Education policy bills under Donald Trump has seen significant overhauls from the US Department of Education and a right-leaning Supreme Court bench ruling on landmark cases.
Notably, legislation directly affecting the 12th grade (K-12) is slow-moving and often gets bogged down by politics in Congress.
Multiple lawsuits pending in federal courts is another issue affecting the nation’s public education scene.
Although, the US Congress managed to pass a federal spending bill to provide a $1.3 billion in education spending for 2020, and also pass legislation mandating $255 million in funding for historically black colleges and universities in 2020.
Things could change significantly if more education policy bills are passed and signed. They could improve the academic situation from the Chicago Teachers Union strike to improving student test scores.
Some education policy bills to improve US education
Here are some education policy bills that bring currently bring educators’ apprehensions to the US congress:
Resilience Investment, Support, and Expansion (RISE) from Trauma Act
Reps introduced the RISE act. Danny Davis (D-Illinois) and Mike Gallagher (R-Wisconsin) in the House, with a sister bill also introduced by lawmakers in the Senate.
The RISE from Trauma Act is aimed to support trauma-informed care in schools and increase resources for communities to address the impact of trauma on children. Specifically, it would help trauma-informed early childhood care and provide more resources for public school teachers and leaders through grants and partnerships. It supports the growing trend of community schools offering wraparound services and suggests trauma-informed care is receiving national bipartisan attention.
School Resource Officer Assessment Act
The bill was introduced in 2018 by Rep. Clay Higgins (R-Louisiana) and passed the House, which at the time had a Republican majority.
The SRO Assessment Act would require the US Secretary of Education to survey the assignment of school resource officers at all public schools. This is a very straightforward bill and won’t require public schools to do anything as it is written now; it just needs the Department of Education to survey schools.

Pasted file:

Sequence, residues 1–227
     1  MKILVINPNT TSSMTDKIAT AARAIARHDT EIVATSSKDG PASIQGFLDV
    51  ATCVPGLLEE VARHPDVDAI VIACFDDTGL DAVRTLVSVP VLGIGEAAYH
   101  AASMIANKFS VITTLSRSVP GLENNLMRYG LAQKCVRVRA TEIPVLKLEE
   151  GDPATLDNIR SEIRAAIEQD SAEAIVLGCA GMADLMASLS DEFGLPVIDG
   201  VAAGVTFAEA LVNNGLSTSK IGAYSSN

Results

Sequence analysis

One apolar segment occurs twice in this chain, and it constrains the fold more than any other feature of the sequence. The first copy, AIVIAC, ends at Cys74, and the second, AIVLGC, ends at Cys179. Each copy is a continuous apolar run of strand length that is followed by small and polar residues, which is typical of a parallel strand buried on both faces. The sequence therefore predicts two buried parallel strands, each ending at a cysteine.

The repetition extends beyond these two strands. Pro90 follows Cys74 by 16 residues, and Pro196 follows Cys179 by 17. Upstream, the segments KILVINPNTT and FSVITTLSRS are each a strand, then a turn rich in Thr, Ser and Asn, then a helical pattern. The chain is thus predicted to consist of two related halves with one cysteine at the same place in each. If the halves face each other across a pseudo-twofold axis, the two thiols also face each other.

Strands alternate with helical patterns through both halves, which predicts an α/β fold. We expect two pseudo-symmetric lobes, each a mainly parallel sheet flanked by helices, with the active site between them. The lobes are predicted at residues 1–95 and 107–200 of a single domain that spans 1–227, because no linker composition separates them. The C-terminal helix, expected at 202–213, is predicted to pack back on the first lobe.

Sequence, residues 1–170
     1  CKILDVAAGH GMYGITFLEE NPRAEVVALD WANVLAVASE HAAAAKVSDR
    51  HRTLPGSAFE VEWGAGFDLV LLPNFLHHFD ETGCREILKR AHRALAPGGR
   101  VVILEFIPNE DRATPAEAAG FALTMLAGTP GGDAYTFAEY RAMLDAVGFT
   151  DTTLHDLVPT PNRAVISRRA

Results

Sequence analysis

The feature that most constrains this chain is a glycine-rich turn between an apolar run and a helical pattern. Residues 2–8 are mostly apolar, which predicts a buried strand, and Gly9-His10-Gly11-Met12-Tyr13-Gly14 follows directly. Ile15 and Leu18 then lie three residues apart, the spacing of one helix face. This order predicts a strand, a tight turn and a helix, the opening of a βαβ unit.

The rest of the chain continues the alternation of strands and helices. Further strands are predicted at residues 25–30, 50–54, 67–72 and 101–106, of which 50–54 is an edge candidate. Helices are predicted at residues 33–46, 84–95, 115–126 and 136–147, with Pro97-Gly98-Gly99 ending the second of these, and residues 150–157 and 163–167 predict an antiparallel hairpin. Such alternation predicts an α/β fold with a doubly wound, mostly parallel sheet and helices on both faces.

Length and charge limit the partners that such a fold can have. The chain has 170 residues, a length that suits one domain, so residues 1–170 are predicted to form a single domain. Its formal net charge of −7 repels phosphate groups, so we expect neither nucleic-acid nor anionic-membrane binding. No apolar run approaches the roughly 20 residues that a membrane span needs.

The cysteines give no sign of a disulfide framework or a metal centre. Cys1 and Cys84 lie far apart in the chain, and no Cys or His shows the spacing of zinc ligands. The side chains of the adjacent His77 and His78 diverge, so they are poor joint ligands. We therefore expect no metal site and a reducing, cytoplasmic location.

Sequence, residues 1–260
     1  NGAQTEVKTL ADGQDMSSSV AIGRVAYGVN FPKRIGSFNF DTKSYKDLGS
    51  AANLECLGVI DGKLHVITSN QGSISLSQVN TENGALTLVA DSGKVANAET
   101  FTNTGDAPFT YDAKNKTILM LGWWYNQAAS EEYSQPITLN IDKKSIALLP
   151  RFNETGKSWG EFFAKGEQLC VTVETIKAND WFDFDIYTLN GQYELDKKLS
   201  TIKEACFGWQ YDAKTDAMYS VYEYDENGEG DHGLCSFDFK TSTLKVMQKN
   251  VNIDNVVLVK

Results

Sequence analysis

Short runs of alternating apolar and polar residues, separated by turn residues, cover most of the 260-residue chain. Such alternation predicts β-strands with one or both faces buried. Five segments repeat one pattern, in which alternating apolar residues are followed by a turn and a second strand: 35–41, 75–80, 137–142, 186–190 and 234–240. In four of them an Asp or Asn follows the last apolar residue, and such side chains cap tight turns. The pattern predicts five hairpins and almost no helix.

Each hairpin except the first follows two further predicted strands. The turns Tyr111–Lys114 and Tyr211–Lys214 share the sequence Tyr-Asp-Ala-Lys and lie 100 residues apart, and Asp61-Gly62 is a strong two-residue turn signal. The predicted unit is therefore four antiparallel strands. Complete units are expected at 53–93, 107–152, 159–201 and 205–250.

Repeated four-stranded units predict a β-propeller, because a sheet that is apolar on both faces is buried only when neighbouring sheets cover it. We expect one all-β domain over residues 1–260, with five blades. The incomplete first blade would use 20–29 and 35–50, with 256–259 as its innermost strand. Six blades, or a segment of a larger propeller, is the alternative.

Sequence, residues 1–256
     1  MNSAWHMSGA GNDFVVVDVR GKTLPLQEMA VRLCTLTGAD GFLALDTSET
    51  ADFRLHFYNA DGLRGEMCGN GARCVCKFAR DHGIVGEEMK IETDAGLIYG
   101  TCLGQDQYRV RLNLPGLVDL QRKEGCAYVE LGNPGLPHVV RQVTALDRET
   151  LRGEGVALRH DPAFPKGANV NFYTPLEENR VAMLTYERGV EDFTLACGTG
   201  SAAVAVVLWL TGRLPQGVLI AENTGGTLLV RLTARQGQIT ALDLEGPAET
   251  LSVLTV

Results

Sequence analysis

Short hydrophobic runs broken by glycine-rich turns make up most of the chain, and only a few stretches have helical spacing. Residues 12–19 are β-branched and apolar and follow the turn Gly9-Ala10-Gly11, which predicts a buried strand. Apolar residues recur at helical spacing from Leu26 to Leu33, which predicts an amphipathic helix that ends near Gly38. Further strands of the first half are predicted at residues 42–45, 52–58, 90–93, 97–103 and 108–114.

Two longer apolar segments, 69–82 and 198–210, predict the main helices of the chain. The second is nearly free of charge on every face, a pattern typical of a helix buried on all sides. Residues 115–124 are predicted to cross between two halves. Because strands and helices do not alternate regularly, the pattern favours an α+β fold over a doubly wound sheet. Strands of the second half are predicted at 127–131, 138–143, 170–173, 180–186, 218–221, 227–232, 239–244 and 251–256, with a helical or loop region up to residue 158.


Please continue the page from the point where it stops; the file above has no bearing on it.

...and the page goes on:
With SROs under increased scrutiny as a result of responses to school shootings or highly-publicized negative interactions with students and more states regulating the role than not, a survey of SROs by the Department of Education suggests more considerable national attention on the subject.
Building Blocks of STEM Act
This bill was introduced by Senator Jacky Rosen (D-Nevada) in March 2019 and has since passed both chambers of Congress with bipartisan support. The legislation could be signed into law by the president.
This legislation aims to make STEM education and career paths more accessible to female students. It would provide PD for pre-K and elementary school teachers on computer science, as well as develop female-inclusive computer science enrichment programs, including after-school and summer programs.
Strength in Diversity Act
The bill, introduced by Rep. Marcia Fudge (D-Ohio) and Senator Chris Murphy (D-Connecticut) only has overwhelmingly democratic support, with cosponsors in the House including Education and Labour Committee Chairman Bobby Scott and supporters in the Senate including Democratic Sens. Cory Booker, Kamala Harris and Bernie Sanders.
This legislation, with sister bills introduced in both chambers, would work to reduce racial and socioeconomic segregation between districts and the schools within them by authorising one-year grants subject to authorisation. It would also provide funding for the research and data collection needed to diversify schools.
Introduced by Senator Cory Booker (D-New Jersey), this legislation addresses a concern long plaguing districts: teacher pay. The education policy bills would provide a refundable tax credit for elementary, secondary or early childhood educators in schools with a specific poverty rate, increase the tax deduction for the expenses of primary and secondary school teachers, and provide funding for local educational agencies that maintain or increase teacher salaries. Public school teachers would be eligible for a tax credit up to $10,000 to offset the cost of school supplies.
However, with the bill, introduced in September, have zero cosponsors.
Warren’s K-12 education plan
Democratic presidential candidate, Senator Elizabeth Warren, has also spoken out on K-12 education policy bills during teachers strike protest in Chicago, where they have been marching daily after hitting a negotiation impasse with city officials on their contract.
Warren’s education plan is a commitment to expand federal funding of public K-12 education. But the program also recognizes that the federal government ultimately controls a tiny portion of the overall funding going to schools.
According to reports, Warren is trying to turn the federal money into a carrot to get states to invest more of their own money. Her plan also calls for more transparency around the funding to better understand which education investments work and which don’t.
Stay connected to what’s happening to government education policy bills and respond in the most responsible way.